Monday, January 4, 2010

Adventures in the Lithosphere

1. the solid portion of the earth (distinguished from atmospherehydrosphere).
2. the crust and upper mantle of the earth.

The main science topic we have been covering this school year is earth science, which by definition is pretty broad but, for us it least, mainly constitutes the study of astronomy, geology, meteorology, and certain terms of geography.

Today, at random, on a walk to the post office we had a fun little exploration in geology (the study of rocks) and of the pedosphere (the layer of the earth in which soil formation occurs).

It started when, as we were waiting for the post office to open, we were noticing gravel on the side of the road, and started talking about erosion - how rocks break down to smaller and smaller pieces, from the big rocks we saw over in the landscaping to the tiny rocks on the side of the road. We had talked about erosion before, but this was a really good example, especially because of noting the cause of this type of erosion (in this case, mainly the cars breaking it up) and also the size variety was great, highlighting the bigger-to-smaller process. We also learned some new words - asphalt, concrete, and cement - a few words I noticed he didn't know when one of the clues on a birthday party treasure hunt this weekend was "concrete" and he looked at me with a blank stare.

As we continued our walk, another part of the roadside contained an excellent sample of mud, with lots of visible leaves, grass, and rock fragments. Which lead us to talking about what soil is made out of, the little organisms that help decompose organic material such as leaves and grass, and the different kinds of soil.

He, of course, wanted to make a footprint in the mud, which you can see in this picture. He sort of regretted it afterwords because the mud was a little deeper than it appeared.

As we cut across an open field to get to a park, we noticed the many cracks in the dirt, and talked about how the dirt made cracks like that because it dried up, and all the water had gone into the air (picture at top). I reminded him that it was called evaporation, and he said, "Yeah, like on the Magic School Bus!" (a video that my mom has. The dry parts, I said, is the place where water used to be, but now that some of the water is gone there is empty space there. We have been talking a lot about how water is in just about everything, and most things are mainly water (our bodies, food, etc.) even if it doesn't appear to be "wet", so it was fun to see another example of this.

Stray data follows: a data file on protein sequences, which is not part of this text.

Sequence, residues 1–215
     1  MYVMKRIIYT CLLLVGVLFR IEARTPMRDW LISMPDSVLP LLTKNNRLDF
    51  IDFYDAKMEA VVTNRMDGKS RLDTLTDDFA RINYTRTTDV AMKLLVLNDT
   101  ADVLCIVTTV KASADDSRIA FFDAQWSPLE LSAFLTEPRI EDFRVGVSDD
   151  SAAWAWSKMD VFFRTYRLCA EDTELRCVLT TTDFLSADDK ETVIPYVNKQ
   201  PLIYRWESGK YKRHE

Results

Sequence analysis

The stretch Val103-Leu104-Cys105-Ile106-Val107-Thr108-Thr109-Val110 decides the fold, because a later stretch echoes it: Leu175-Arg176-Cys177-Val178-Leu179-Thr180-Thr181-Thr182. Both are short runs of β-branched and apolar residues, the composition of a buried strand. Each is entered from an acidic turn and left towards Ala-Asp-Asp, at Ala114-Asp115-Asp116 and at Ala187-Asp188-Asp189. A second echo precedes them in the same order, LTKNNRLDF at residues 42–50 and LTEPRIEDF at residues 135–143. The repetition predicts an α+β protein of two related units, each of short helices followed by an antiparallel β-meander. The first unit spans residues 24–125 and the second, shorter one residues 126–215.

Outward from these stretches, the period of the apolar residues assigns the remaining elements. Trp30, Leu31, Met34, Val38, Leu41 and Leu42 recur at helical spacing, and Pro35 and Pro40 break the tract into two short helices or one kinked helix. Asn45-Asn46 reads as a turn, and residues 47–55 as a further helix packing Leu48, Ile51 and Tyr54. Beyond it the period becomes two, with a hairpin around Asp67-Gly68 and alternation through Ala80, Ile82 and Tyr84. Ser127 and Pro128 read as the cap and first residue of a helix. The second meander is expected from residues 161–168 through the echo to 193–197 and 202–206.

The last thing on our little geology adventure was collecting a few rocks on the way, which were mostly remnants of landscaping rocks that had made their way across the street. I usually don't let him do that, and we talk about the whole concept of this is what would happen if everybody did, but for this time only (and since the base is somewhat deprived of very many nature experiences) we collected a few and are going to add them to our geology collection. (I know, it's bad)

It was a fun walk. I just love it when little homeschool experiences just "come up" like this. Even though it is really happening all the time and this is how a huge proportion of our "school" gets done, this day just happened to be an especially learning-filled little adventure.

"He cutteth out rivers among the rocks; and his eye seeth every precious thing." 
Job 28:10

Hunter is 4 years, 9 months old

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